Manhood is one of those topics in the Black community that’s often discussed but rarely put in context. Consider the following: Denzel Washington, whose street credibility and Hollywood status is never questioned, has evolved into an actor whose mentioned in the same sentence as Al Pacino and Robert Deniro, and without the word “not” in the middle. Like those actors, their catalogues are versatile and profound, to the point where they’ve almost become caricatures of themselves.
It’s with that thought that I watched Fences a few months ago, an August Wilson play set in the 1950s, a revival of a play that featured James Earl Jones in the lead. I saw Denzel sway from loving family man to stern father, swig-stealing garbage man to conflicted womanizer. The whole play, well-written and acted, pushed the Black men and women in the audience to confront a man who in Act 1 has a charismatic and fluid edifice but by Act 2 has a deep dark secret and a battle with himself that many in the community sympathize (and empathize) with. Those suppressed secrets that simultaneously mollify and rot the image of the Black man hammered at the foreheads of those of us in the audience.
The same guy who, in the beginning of the play, gave a soaring speech to his son about responsibility (“A man is supposed to take care of his family. You live in my house, sleep your behind in my bedclothes, fill your belly with my food because you my son. You my flesh and blood, not ’cause I like you!”) couldn’t stop from cavorting with another woman. The audience had to know that he wasn’t perfect, but we still applauded the callousness and “tough love” to his sons, even when it came from the same lack of emotions he showed when making other riskier decisions.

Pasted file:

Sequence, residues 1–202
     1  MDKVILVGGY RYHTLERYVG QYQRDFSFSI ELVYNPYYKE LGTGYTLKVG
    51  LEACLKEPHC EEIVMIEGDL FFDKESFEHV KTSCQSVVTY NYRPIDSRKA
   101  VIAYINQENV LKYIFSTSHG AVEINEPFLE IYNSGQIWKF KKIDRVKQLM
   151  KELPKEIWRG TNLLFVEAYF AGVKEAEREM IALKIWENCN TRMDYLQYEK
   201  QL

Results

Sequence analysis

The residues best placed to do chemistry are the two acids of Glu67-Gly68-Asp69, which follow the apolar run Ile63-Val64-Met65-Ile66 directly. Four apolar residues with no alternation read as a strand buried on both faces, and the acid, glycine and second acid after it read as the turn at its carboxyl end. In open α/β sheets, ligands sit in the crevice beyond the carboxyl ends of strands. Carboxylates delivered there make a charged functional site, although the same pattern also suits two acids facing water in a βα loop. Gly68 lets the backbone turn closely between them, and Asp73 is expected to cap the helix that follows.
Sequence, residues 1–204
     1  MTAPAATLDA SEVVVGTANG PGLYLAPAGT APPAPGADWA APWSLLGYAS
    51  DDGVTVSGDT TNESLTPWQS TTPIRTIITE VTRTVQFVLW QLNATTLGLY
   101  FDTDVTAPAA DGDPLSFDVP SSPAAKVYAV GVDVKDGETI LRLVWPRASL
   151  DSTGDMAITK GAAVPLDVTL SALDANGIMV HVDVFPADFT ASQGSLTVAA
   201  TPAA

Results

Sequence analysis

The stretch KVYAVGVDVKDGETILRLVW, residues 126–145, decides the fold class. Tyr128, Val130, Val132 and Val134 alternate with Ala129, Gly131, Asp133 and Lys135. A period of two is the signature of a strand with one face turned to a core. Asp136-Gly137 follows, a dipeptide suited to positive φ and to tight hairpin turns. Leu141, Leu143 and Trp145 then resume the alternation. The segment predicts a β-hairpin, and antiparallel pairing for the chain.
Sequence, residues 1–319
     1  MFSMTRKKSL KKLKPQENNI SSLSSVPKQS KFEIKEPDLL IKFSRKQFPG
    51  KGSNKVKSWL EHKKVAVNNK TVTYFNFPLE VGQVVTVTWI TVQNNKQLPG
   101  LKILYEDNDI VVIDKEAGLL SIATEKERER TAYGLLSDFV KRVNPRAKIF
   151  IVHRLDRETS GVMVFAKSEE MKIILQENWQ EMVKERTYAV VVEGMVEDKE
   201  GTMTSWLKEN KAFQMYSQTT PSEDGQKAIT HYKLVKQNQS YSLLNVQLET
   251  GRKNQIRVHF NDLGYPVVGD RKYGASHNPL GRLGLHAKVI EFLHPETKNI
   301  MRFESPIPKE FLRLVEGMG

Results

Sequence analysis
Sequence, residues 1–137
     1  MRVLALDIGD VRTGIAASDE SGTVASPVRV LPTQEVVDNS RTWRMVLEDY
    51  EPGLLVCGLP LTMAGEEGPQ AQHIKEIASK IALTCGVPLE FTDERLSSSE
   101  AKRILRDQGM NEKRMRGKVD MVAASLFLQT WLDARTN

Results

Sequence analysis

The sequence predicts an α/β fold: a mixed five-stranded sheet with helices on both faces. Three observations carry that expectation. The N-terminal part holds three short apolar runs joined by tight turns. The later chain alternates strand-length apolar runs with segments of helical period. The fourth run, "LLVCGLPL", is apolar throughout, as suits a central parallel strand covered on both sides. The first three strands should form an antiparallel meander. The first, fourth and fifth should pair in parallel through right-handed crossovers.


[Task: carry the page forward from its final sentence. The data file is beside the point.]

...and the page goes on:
That guttural fatalism, handed down to him from his father, rings so true to the many of us who’ve grown up even without one. We either emulate our fathers, whether we like it or not, or we run as far away from him, whether we like it or not. The varying degrees of these dichotomies exist, and Denzel, the actor and the person, embody so much of that debate that I sat in awe during intermission. The same man who played Malcolm X and Alonzo Harris, who gives tons to his community and has had alleged marital issues, the same man who the hood and the boulevard loves, are embodied in the same person. Impeccable and respected by all, even when we forgive his not-so-secret life.
Maybe that’s why he’s the first person one thinks of when anyone mentions “Black man.” Even this obelisk of manhood has a little dirt on his otherwise sturdy shoulder. It also may be why we love him.
Jose, who had to fill in the wedges in this topic …